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A holiday tax gift

Parties and gifts can add up to a nice tax deduction for MSOs.
Tuesday, September 10, 2013 - 06:57
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The season for gift-giving and holiday parties will soon be upon us. Although many MSOs clearly know how to celebrate and show their appreciation, few are aware that Uncle Sam, in the form of our tax laws, is more than happy to pick up part of the cost.

While parties, business gifts and employee awards often qualify as tax deductible, giving gifts, bonuses or awards to employees, clients or customers can have significant tax implications for both MSOs and the recipients. Bottom line, however, is that everyone will be excited to know that their annual employee holiday party may be 100 percent tax deductible.

Year-round gifting
MSOs may give gifts to clients and customers, particularly around the holidays. What is often overlooked is that only a portion of the cost of certain gifts may be deducted as a business expense.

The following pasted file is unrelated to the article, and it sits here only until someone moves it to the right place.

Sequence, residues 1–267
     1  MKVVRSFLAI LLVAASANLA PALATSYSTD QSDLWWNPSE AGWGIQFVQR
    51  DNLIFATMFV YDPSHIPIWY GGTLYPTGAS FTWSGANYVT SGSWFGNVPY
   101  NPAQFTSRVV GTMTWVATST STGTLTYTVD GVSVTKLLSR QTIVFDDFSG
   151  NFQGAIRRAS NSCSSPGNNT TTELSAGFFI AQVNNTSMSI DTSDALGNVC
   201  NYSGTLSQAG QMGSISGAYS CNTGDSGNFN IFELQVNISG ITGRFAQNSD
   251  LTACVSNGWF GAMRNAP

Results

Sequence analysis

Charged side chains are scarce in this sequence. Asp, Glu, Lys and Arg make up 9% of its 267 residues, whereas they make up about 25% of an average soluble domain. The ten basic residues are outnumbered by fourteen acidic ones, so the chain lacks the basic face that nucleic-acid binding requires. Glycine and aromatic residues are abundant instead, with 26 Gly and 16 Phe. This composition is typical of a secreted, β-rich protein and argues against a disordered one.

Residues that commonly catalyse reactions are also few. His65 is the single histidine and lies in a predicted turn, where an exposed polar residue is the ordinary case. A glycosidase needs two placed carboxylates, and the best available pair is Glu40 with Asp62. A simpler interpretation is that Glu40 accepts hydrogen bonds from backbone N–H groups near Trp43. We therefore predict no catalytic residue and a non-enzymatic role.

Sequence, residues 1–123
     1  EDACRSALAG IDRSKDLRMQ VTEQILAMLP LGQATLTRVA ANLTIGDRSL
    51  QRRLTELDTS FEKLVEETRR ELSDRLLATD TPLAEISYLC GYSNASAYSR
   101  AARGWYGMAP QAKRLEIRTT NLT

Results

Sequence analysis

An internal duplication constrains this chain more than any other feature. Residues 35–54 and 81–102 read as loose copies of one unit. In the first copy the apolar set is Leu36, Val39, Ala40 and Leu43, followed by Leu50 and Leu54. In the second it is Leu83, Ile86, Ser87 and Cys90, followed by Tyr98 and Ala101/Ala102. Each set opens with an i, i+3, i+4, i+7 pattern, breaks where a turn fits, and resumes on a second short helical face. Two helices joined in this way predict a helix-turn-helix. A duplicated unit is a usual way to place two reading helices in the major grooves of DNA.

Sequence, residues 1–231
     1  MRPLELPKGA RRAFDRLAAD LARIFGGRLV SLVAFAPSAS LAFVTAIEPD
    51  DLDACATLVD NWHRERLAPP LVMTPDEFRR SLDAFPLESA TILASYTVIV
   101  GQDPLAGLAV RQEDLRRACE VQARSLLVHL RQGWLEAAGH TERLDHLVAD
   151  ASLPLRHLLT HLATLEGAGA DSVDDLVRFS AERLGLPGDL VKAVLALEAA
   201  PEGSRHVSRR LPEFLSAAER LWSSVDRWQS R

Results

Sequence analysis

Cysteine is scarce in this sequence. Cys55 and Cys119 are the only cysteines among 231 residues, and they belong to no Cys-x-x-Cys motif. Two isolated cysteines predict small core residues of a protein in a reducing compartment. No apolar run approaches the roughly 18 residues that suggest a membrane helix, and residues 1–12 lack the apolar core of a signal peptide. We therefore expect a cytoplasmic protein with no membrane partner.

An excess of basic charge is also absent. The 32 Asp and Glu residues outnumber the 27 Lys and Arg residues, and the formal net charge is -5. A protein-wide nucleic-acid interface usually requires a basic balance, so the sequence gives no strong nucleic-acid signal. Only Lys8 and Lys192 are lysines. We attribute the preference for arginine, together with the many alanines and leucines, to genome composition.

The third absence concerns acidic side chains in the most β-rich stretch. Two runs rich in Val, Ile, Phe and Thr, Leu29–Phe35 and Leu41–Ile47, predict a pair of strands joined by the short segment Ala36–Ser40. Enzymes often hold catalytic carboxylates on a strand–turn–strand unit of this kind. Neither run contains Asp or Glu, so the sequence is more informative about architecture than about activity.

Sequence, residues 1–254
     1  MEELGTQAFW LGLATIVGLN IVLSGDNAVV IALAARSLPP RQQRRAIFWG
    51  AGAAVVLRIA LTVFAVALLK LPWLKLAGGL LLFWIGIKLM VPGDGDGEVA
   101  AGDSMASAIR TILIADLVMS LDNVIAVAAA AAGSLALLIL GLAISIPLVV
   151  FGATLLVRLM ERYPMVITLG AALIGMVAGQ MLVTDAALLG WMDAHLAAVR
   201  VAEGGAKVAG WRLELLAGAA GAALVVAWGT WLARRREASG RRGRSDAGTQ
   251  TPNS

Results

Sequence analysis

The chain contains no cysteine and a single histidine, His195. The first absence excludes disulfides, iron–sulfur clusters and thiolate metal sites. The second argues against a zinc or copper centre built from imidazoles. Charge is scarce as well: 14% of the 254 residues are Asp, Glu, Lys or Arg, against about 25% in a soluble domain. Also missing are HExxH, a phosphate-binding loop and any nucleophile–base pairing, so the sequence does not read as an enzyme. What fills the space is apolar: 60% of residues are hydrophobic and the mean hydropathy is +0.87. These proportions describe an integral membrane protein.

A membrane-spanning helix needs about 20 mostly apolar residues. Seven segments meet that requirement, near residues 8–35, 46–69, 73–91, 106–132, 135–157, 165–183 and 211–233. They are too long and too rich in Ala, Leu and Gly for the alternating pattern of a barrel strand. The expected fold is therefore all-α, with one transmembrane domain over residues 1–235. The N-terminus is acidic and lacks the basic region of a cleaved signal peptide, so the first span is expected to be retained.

The IRS will let a collision repair business deduct only $25 or less for business gifts given to any one person during the tax year. This means that any number of employees, co-owners or business partners may give a client business gifts, although the deduction will be limited to $25 per recipient. Any amount of expense in excess of $25 is disallowed as a deduction. So, if a client is given a $50 watch as a gift, only $25 may be deducted. 

The $25 limit for business gifts doesn't include incidental costs — for example, packaging, insurance and mailing costs, or the cost of engraving jewelry. Related costs are considered incidental only if they don't add some kind of substantial value to a gift. 

If key chains or pens with the name of the business on them are given to customers and clients, they are usually “exceptions” to the $25 limits for business gifts, and their cost is deductible without limitation. Also excepted are items that cost $4 or less, have the business’s name clearly and permanently imprinted on them, and are one of a number of identical items widely distributed. Signs, display racks or other promotional material to be used on the business premises of the recipient are also ignored for purposes of the $25 limit.

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